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Early Detection of Breast Cancer Recurrence

Early Detection of Breast Cancer Recurrence

Breast cancer could recur at whatever time, but the majority of recurrences happen in the first three to five years following first treatment. Breast cancer could reappear as a local recurrence (in the treated breast or near the mastectomy scar) or as a far-away recurrence anywhere else in the body. The most usual locations of recurrence consist of the lymph nodes, the bones, liver, or lungs.

Women who have been treated for breast cancer must keep on practicing breast self-examination, checking both the treated organ and the other breast every month. A woman is supposed to convey any alterations to her doctor without delay. Breast alterations that may be a sign of a recurrence take in:
– A part that is definitely different from any other part on either breast
– A lump or thickening, in or near the breast or in the underarm, that persists by way of the menstrual cycle
– A alteration in the size, shape, or contour of the breast
– A mass or lump, which might feel as small as a pea
– A marble-like part beneath the skin
– A alteration in the feel or appearance of the skin on the breast or nipple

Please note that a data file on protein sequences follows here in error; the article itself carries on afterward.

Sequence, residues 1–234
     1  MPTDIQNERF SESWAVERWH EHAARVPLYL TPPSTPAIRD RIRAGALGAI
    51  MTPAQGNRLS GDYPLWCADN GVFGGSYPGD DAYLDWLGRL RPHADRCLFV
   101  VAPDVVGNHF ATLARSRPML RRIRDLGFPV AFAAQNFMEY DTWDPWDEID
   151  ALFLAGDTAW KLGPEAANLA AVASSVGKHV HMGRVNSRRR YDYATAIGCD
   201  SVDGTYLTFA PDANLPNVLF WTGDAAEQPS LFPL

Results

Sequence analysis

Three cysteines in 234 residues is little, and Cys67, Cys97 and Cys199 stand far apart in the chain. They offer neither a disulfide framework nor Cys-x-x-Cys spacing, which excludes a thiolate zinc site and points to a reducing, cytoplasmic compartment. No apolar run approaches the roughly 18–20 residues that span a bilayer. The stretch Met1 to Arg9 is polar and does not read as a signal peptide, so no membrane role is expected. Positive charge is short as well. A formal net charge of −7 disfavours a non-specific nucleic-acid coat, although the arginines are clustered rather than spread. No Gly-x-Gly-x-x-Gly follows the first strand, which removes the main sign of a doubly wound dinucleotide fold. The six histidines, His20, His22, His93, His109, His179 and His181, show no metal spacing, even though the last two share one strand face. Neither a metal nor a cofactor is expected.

– Bloody or clear fluid discharge from the nipples
– Redness of the skin on the breast or nipple

A recurrence of non-invasive breast cancer is less critical than a recurrence of invasive cancer. Generally, invasive local recurrences are more aggressive because they have a second possibility of extending (metastasizing) to other organs of the body.

Breast cancer could reappear in the following ways:
– Local recurrence happens in the breast where the cancer first begun, or in the skin and underlying tissues where the breast used to be. This kind of recurrence could occur even if you’ve had a mastectomy.
– Regional recurrence takes place in the lymph nodes near the affected breast. These “regional” lymph nodes contain nodes found under the arm (axillary nodes) and in the chest wall, for example those under the breastbone or under the pectoral muscle at the front of the chest.
– Metastatic recurrence happens in other areas of the body, like in the lung, liver, bone, or brain

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